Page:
Organization

This book is divided into three parts. Chapters 1 through 5 discuss the network infrastructure. We begin by introducing the concept of electronic commerce and the various types of consumer and organizational applications (Chapter 1). The Information Superhighway (I-way), which serves as the network infrastructure for electronic commerce, is introduced in Chapter 2. We compare and contrast the various network infrastructure alternatives: the various types of on-ramps being built for the Information Superhighway. We also discuss the immediate future and provide guidelines for experimenting with various access methods. The Internet, from its genesis in the 1960s to its rapidly changing configuration today, is then surveyed (Chapter 3), before we walk the potential implementor or user through the existing options for commercial Internet access (Chapter 4). Rounding off the discussion about network infrastructure are network and transaction security issues that concern both the individual consumer or the organization protecting its perimeter (Chapter 5).

Chapters 6 through 15 are a wide-ranging discussion of the business applications of the Information Superhighway and the Technologies, rules, and regulations involved in designing electronic commerce applications. We begin with the architectural framework for electronic commerce and focus on the World Wide Web as a technology infrastructure (Chapter 6). We then look at three broad applications of electronic commerce:

  • Consumer-oriented electronic commerce (Chapter 7) whose implementation requires on-line electronic payment systems (Chapter 8).
  • Inter-organizational electronic commerce (Chapter 9) whose implementation is based on the technology, protocols, and standards related to electronic data interchange (EDI) (Chapter 10).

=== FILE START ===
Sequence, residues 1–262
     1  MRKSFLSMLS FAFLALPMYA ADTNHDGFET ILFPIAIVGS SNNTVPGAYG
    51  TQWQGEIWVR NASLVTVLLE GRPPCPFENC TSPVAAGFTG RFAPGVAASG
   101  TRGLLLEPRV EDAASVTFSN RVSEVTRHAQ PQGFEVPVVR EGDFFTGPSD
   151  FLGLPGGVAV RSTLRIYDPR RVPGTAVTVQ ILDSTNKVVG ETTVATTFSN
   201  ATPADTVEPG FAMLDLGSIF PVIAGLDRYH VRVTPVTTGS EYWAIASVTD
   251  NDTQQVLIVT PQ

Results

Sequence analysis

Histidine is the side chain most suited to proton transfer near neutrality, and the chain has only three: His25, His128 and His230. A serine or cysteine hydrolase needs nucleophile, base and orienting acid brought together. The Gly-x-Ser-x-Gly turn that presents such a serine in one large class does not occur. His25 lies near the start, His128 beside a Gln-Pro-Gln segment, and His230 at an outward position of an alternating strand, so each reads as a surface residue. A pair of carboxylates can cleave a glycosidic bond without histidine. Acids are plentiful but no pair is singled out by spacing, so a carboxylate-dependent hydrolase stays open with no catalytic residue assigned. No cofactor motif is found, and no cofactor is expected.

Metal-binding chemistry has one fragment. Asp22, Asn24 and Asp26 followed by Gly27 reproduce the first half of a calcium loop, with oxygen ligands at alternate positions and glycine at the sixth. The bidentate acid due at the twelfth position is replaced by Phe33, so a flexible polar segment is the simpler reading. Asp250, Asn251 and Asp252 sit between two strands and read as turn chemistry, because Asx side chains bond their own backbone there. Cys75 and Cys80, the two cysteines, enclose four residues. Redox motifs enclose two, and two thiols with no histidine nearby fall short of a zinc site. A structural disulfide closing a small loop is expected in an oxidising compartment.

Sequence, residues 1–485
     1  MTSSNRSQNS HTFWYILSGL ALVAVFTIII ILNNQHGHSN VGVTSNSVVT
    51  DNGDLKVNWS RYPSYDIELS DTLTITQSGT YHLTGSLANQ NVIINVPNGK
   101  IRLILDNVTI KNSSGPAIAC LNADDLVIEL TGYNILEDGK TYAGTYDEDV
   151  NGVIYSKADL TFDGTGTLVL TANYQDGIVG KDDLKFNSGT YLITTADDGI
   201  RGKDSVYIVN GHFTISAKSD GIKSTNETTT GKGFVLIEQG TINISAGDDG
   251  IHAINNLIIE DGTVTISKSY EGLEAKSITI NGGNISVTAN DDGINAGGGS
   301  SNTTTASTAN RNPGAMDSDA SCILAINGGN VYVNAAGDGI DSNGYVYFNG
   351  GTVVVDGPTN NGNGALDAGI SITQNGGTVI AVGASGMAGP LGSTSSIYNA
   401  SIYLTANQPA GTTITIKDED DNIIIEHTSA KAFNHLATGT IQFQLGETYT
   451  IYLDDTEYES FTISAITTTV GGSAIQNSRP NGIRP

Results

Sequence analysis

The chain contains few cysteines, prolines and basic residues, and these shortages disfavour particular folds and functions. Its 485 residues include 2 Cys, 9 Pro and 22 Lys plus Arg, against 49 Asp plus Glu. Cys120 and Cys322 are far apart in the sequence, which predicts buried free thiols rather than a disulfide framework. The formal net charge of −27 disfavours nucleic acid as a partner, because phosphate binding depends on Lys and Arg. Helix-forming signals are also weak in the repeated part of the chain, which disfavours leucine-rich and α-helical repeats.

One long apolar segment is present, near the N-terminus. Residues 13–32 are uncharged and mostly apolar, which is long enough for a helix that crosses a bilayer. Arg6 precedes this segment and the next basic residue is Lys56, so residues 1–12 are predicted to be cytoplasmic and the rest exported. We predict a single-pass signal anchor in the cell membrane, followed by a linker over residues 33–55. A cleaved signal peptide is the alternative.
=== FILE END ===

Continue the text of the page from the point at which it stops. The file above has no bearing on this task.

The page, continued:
• Intra-organizational electronic commerce (Chapter 11), which is implemented on the concepts of corporate digital libraries and data warehouses (Chapter 12).

We then examine the emerging changes in marketing and advertising that have been facilitated by technology (Chapter 13). Chapter 14 discusses the development and implementation of electronic commerce interfaces, namely, interactive catalogs, directories, and information search and retrieval methods. We wrap up this section with an in-depth look at education on demand and issues related to intellectual copyrights (Chapter 15).

The last part of the book deals with the technological building blocks used in the construction of electronic commerce applications: software agents (Chapter 16); the Internet protocol suite with focus on Mobile IP, IP Multicast, and IPng (Chapter 17); and followed by desktop and broadband multimedia (Chapter 18). We take an in-depth look at emerging broadband telecommunications technology (Chapter 19) and mobile and cellular networks (Chapter 20). We conclude with a description of document technology: structured documents (Chapter 21) and active documents (Chapter 22).

Acknowledgments

Many people deserve our thanks for helping with this book. We are indebted to Susan Kutor who reviewed the manuscript and made innumerable corrections in structure, grammar, and style. We thank our reviewers: Wayne Hathaway, Jack Kessler, Edward Krall, Fred Patterson, Keith Porterfield, and Ting Vogel. We also thank our editors: Tom Stone, Debbie Lafferty, and Juliet Silveri. Acting on all of the comments we received was painful but has made this a better book. Of course, we bear the blame for any errors, not these intrepid readers.